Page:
Christmas tree, 1930s
Oh dear, another Christmas post! Click away if you are tired of it! I promise not to be dissapointed!
If you think about trees from bygone era's, you undoubtedly think about tinsel; the sparkling and decorative material that gives the effect of ice or icicles. It was in Nuremberg Germany were tinsel was invented and this was around 1610. It was made from extruded strands of genuine silver. But silver tarnishes quite quickly and the silver was replaced by other shiney substitutes. Tinsel was not only used as Christmas tree decoration but also on other decorations that needed a bit of a shimmer, like fireplace garlands or statues. Candlelight and fireplaces were the primary method used to lightning homes, so reflective surfaces were often used to maximize the light. Early tinsel was made from metal and was fragile and expensive to use. Until 1900, it was a status symbol to use the glittery decoration. Tinsel was also to represent a starry sky over a nativity scene.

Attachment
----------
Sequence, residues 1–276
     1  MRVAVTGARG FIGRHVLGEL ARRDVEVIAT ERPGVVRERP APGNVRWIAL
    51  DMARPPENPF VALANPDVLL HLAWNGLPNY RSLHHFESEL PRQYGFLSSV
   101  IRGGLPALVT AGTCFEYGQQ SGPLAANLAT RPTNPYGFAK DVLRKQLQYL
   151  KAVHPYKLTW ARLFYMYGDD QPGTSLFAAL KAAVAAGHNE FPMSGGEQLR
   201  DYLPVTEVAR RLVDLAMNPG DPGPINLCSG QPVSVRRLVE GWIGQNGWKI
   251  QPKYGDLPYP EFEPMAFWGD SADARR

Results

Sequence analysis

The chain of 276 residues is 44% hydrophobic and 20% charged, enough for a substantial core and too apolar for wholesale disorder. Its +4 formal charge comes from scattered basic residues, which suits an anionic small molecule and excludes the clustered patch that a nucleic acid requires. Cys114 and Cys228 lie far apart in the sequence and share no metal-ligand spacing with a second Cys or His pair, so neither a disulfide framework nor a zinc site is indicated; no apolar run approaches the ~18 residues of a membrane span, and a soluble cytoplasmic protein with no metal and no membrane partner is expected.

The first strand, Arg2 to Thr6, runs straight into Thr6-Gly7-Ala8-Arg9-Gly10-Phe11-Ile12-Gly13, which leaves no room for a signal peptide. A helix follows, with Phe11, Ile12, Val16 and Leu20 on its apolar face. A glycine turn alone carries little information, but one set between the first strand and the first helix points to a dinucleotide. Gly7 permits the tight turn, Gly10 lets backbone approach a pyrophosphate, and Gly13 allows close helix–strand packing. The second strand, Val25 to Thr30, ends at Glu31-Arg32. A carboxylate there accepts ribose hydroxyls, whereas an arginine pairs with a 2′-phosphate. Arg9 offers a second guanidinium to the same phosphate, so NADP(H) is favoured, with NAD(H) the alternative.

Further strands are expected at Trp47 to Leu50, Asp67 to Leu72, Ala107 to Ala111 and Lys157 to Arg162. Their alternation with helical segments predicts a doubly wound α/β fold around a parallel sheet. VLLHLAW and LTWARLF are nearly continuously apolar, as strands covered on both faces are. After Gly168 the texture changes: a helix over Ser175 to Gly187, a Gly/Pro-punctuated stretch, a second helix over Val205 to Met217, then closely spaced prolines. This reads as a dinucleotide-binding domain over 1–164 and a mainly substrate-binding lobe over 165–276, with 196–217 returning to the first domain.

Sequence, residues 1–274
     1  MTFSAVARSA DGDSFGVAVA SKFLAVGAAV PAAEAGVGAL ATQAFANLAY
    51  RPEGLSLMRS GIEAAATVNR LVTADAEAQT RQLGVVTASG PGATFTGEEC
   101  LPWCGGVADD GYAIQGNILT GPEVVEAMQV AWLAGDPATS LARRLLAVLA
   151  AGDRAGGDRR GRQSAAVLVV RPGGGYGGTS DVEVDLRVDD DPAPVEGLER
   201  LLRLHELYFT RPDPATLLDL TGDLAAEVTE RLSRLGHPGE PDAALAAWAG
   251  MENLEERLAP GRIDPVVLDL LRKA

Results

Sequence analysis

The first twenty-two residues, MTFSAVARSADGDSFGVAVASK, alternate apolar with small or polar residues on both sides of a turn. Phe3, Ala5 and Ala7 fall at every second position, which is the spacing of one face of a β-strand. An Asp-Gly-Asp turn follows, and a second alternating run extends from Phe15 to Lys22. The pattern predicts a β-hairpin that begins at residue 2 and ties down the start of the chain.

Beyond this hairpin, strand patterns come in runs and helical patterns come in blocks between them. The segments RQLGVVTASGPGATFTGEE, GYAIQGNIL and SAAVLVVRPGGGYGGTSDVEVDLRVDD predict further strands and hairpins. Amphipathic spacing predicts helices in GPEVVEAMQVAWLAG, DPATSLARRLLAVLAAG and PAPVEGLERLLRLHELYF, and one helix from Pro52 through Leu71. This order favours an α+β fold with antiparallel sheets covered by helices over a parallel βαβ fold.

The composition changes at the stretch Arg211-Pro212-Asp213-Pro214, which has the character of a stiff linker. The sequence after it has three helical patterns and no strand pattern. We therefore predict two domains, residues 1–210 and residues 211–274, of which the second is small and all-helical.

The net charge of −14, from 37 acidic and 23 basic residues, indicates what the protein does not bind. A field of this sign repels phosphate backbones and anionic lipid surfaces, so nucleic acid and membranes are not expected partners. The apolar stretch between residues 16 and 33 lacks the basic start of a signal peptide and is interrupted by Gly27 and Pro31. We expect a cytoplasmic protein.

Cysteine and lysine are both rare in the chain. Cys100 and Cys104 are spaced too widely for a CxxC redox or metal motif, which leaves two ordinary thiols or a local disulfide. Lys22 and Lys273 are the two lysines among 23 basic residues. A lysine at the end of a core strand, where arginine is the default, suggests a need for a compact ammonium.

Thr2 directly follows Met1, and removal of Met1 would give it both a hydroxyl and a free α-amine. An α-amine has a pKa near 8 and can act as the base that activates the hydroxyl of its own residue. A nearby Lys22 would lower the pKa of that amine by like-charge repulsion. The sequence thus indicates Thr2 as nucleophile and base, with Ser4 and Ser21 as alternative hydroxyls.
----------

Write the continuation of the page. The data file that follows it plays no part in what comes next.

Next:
In Britain, after queen Victoria died, the country went into mourning and the Christmas tree died with her in many homes for a while. Some families had still large tinsel strewn trees but many opted for a table top tree. The word for tinsel in Germany is 'das Lametta' which is a diminutive form of the Italian word Lama, which means 'blade'. The word tinsel is from the Old French word Estincele, which means 'sparkle'. France was the world leader in manufacturing cheap aluminium based tinsel until WWI, but production was curtailed during the first World War as a result of wartime demand for copper.
In WWII tinsel was also used to make unsilvered Christmas ornaments sparkle. The tinsel would be tucked inside the ornament. They are really collectible. Most of the time their caps have been replaced with metal ones; usually these ornaments have cardboard caps.
Our tree is decorated with Lametta but sadly not real old ones. And although I love the look of it in our tree, I do made the conclusion that the tinsel of nowadays doesn't have the charm of tinsel back in the 1930s. It doesn't hang as pretty as the German originals did also.